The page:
A new report is out on the Manhattan real estate market, and it offers some of the best available data on what is currently going on during this time of flux. The Wells Fargo 2009 Residential Market Update came out last week and is full of some fascinating figures.
First, the top line data: Average home prices in Manhattan have fallen 13% from this time last year to an average of $1,502,000. Much of this drop was a fall-off in the highest of the high-end market, with a massive 87% decline in the number of closes for apartments $10 million and up from the 1Q of 2008.
Similarly, while the first quarter of 2008 saw eight sales of New York apartments that were valued at $20 million or over, the first quarter of 2009 saw just one such transaction.
Much can be said about this drop off in the super high-end market. Perhaps the most critical point is that it should not be viewed as typical of the high-end market in general. While it has taken a hit like the rest of the New York apartment market, properties below $10 million in value have not seen numbers as severe as the 87% drop in sales activity for the $10 million and up the market.
The median value figure, of course, is not so influenced by the super-luxury market. So, it showed a modest increase to $907,500, up about six percent from last year’s numbers.
In all, though, there were still 58% fewer transactions during the first quarter of 2009 than 1Q 2008.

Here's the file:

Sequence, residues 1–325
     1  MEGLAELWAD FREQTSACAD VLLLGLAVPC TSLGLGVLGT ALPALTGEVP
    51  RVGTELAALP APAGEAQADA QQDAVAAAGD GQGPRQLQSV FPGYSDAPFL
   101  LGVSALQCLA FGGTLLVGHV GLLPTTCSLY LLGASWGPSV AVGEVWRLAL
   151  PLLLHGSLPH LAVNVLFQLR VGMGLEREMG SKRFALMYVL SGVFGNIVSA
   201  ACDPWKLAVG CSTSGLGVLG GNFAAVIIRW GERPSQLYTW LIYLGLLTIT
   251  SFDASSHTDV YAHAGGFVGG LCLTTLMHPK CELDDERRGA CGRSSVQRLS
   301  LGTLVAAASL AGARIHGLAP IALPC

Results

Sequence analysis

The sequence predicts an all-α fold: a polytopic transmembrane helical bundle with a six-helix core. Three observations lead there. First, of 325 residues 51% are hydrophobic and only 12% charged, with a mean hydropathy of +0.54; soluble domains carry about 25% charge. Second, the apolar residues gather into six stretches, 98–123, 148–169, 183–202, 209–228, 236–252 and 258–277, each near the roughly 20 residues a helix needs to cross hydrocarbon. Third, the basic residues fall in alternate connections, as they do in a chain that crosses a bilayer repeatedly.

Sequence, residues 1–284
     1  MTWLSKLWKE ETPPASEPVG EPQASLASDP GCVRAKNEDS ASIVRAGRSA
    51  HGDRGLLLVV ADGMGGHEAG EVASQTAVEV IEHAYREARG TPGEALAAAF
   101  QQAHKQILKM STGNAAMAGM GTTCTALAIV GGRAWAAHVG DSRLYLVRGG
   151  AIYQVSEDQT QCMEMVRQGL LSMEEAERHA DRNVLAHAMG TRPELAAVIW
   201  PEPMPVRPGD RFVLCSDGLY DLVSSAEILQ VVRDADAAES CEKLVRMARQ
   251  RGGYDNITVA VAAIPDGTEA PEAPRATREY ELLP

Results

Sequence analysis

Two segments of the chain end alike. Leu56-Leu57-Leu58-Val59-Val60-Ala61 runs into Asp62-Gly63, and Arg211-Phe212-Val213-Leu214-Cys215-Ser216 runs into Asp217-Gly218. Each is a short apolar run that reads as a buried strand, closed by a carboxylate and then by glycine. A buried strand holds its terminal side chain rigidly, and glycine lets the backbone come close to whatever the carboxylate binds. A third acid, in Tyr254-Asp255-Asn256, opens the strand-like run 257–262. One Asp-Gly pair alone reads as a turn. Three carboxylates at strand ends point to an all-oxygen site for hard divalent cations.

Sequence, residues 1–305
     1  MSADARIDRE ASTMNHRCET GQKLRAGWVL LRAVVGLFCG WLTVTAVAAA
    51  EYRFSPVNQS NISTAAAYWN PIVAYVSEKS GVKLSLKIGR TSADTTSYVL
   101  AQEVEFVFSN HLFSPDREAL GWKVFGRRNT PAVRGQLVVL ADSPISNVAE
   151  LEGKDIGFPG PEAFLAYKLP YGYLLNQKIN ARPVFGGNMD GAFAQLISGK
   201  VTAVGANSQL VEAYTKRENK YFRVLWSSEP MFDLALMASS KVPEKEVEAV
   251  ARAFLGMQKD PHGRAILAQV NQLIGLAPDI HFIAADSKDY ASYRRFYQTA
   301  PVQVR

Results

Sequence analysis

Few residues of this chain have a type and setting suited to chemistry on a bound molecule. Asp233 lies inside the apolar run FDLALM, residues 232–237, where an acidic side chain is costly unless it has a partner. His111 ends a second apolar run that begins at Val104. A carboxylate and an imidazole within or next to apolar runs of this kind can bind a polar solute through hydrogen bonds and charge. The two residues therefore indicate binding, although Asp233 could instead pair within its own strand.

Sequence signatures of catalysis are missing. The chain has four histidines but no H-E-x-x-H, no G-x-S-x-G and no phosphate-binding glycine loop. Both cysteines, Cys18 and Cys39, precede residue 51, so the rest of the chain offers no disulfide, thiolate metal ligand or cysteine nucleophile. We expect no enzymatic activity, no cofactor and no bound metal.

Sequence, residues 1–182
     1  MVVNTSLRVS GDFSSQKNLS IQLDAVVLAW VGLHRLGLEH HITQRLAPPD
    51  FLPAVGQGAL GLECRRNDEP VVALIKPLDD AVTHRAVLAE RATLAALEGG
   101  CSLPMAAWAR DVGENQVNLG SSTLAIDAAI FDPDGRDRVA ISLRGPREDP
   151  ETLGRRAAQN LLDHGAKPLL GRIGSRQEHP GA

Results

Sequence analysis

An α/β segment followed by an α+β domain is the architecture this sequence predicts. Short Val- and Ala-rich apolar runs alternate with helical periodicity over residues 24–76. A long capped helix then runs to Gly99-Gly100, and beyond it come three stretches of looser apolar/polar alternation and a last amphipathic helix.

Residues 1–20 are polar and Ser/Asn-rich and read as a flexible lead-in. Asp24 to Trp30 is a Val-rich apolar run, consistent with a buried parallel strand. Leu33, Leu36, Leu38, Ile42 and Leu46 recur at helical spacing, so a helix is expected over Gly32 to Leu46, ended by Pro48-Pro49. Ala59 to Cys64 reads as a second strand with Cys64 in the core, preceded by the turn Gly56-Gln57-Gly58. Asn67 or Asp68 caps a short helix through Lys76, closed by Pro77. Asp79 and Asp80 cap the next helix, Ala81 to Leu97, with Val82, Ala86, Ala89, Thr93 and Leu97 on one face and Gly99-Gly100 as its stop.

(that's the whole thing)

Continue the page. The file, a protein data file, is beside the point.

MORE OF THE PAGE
For those interested in the co-op market, the time is certainly now to begin looking for bargains. The average sales price of studios last year was about $414,000. In the first quarter of 2009, it was just $368,057. Similarly, for one bedroom, the average sales price fell more than $80,000. Two and 3+ bedroom units saw truly huge declines in price.
The story was different for condos, however, which saw a jump in average sales prices for studio and one bedroom, and smaller – though still substantial – declines for two and three bedroom New York apartments.
On the whole, the new report suggests that the market has finally begun moving quickly to react to the recession. Gone are the days of sellers holding out with high prices that no one is interested in – at least, for the most part. The change in prices show a healthy market reaching a new equilibrium: While prices may continue to decline, the free fall period is now over, and prices will likely stabilize by the end of the year.